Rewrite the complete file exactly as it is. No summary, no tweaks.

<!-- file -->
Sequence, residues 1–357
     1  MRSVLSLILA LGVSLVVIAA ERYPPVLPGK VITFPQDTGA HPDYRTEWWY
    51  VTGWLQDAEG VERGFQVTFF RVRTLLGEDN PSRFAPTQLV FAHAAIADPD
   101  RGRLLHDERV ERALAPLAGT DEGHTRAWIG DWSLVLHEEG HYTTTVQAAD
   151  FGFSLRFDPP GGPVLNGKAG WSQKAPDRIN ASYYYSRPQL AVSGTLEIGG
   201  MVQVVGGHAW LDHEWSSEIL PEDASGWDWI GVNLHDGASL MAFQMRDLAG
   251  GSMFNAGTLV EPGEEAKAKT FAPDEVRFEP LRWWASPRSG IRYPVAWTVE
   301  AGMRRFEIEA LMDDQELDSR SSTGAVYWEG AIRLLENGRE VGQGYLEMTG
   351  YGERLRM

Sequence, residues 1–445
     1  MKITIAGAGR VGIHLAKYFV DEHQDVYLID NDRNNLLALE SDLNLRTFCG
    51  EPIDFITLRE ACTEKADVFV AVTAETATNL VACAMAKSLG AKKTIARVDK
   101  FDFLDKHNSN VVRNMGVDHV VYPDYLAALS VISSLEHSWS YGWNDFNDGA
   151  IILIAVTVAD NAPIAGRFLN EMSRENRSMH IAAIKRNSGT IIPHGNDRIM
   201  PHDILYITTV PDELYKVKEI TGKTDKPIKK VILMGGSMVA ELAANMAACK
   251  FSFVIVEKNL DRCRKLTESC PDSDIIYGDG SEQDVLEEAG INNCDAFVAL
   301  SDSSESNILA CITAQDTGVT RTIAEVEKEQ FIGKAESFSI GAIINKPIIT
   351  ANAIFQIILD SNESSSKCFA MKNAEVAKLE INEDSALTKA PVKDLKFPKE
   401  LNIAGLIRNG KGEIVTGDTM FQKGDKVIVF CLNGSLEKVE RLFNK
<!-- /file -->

Sequence, residues 1–357
     1  MRSVLSLILA LGVSLVVIAA ERYPPVLPGK VITFPQDTGA HPDYRTEWWY
    51  VTGWLQDAEG VERGFQVTFF RVRTLLGEDN PSRFAPTQLV FAHAAIADPD
   101  RGRLLHDERV ERALAPLAGT DEGHTRAWIG DWSLVLHEEG HYTTTVQAAD
   151  FGFSLRFDPP GGPVLNGKAG WSQKAPDRIN ASYYYSRPQL AVSGTLEIGG
   201  MVQVVGGHAW LDHEWSSEIL PEDASGWDWI GVNLHDGASL MAFQMRDLAG
   251  GSMFNAGTLV EPGEEAKAKT FAPDEVRFEP LRWWASPRSG IRYPVAWTVE
   301  AGMRRFEIEA LMDDQELDSR SSTGAVYWEG AIRLLENGRE VGQGYLEMTG
   351  YGERLRM

Sequence, residues 1–445
     1  MKITIAGAGR VGIHLAKYFV DEHQDVYLID NDRNNLLALE SDLNLRTFCG
    51  EPIDFITLRE ACTEKADVFV AVTAETATNL VACAMAKSLG AKKTIARVDK
   101  FDFLDKHNSN VVRNMGVDHV VYPDYLAALS VISSLEHSWS YGWNDFNDGA
   151  IILIAVTVAD NAPIAGRFLN EMSRENRSMH IAAIKRNSGT IIPHGNDRIM
   201  PHDILYITTV PDELYKVKEI TGKTDKPIKK VILMGGSMVA ELAANMAACK
   251  FSFVIVEKNL DRCRKLTESC PDSDIIYGDG SEQDVLEEAG INNCDAFVAL
   301  SDSSESNILA CITAQDTGVT RTIAEVEKEQ FIGKAESFSI GAIINKPIIT
   351  ANAIFQIILD SNESSSKCFA MKNAEVAKLE INEDSALTKA PVKDLKFPKE
   401  LNIAGLIRNG KGEIVTGDTM FQKGDKVIVF CLNGSLEKVE RLFNK